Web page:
Norway Doubles Down on Plans to Make Gas Cars Obsolete by 2025
Rather than ban petroleum-powered passenger vehicles outright, Norway says it plans to make EVs far easier (and cheaper) to live with.
The Scandinavian nation of Norway has already carved out a spot for itself in electric vehicle lovers' hearts. Not only does the state offer massive tax breaks to EV buyers, but last year, portions of the Norwegian government declared they were seeking an outright ban on all gasoline- and diesel-powered cars by the year 2025.
Well, that was last year. Now, the country seems to be leaning away from the whole heavy-handed ban tactic and towards a solution that would see incentives flow towards electric car drivers while slapping fees on petroleum-powered vehicles. Norway, in essence, wants to tax internal-combustion cars out of existence.
It's all part of what the government describes as the "polluter pays principle" of its automotive taxation system, the government posted on transportation website Elbil.
"The Norwegian Parliament have decided on a goal that all new cars sold by 2025 should be zero (electric or hydrogen) or low (plug-in hybrids) emission," the post states. "The Parliament will reach this goal with a strengthened green tax system based on the polluter pays principle, not a ban."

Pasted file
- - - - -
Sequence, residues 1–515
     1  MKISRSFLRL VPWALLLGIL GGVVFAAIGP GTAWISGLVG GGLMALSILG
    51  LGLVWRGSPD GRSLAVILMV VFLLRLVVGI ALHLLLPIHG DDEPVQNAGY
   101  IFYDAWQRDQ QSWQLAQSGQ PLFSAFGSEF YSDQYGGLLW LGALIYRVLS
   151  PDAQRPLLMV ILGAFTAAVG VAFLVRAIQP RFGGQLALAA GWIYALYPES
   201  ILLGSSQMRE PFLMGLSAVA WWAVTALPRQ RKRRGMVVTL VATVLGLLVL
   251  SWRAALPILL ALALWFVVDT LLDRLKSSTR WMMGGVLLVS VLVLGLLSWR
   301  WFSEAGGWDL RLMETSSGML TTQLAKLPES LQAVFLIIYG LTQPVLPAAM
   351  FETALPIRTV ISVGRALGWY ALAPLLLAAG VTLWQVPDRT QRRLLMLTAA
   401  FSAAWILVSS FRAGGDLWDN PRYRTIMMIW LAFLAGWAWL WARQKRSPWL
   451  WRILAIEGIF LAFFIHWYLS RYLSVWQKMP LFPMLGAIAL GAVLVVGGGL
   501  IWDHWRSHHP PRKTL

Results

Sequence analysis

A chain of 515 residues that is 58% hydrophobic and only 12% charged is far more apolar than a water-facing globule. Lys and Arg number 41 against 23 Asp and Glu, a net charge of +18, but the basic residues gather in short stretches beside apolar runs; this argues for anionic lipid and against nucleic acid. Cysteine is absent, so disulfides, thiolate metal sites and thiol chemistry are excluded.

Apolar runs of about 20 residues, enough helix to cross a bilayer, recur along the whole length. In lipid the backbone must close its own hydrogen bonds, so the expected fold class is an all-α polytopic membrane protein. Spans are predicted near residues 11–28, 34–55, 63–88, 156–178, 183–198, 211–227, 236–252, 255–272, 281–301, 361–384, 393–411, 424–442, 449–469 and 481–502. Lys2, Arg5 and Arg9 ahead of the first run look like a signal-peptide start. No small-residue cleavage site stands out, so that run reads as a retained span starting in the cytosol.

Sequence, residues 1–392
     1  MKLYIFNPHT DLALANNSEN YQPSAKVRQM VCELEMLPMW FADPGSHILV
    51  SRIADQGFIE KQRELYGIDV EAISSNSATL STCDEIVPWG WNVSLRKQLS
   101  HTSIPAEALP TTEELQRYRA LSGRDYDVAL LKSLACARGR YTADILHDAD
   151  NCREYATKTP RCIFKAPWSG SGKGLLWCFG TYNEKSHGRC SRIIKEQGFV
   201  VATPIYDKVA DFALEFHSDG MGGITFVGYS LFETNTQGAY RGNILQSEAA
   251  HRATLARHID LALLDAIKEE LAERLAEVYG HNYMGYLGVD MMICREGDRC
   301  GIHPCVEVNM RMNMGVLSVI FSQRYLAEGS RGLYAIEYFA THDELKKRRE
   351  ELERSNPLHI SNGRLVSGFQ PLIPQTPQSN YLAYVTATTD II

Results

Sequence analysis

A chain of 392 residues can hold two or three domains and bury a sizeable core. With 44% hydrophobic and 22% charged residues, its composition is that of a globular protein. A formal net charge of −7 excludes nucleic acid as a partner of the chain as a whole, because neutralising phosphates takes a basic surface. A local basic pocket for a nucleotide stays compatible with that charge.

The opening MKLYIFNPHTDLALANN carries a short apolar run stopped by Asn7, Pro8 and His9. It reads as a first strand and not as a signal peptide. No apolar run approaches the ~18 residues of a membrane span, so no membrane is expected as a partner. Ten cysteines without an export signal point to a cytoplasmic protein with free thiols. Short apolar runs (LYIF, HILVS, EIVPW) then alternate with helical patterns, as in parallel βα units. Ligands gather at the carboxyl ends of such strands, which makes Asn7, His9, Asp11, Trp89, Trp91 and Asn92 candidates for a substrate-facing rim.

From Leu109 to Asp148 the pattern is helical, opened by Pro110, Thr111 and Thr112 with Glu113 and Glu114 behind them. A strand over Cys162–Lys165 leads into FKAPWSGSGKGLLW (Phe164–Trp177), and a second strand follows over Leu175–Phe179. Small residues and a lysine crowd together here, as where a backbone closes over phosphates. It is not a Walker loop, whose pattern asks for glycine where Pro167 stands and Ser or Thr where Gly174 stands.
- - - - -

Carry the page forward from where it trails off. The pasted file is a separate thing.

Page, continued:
Norway uses tax breaks and other incentives to draw buyers to electric cars
The country's plans for its EV future also include a broader network of vehicle chargers scattered across the land, according to the post. Norway is aiming to achieve a direction issued by the European Clean Power for Transport stating there should be one public charging station for every 10 electric vehicles by 2020. Given the country's expectation of as many as 250,000 EVs on the road by that year, the nation would need around 25,000 public car chargers—about 23,600 more than it had in 2015.
Norway already lavishes benefits on EV purchasers, offering them everything from sales tax and VAT exemption (the latter of which tacks 25 percent on to a vehicle's sales price there) to free city parking and toll-free access to turnpikes and ferries. As a result, electric cars have picked up a substantial share of the market; as of 2015, EVs represented 22 percent of passenger cars in Norway.
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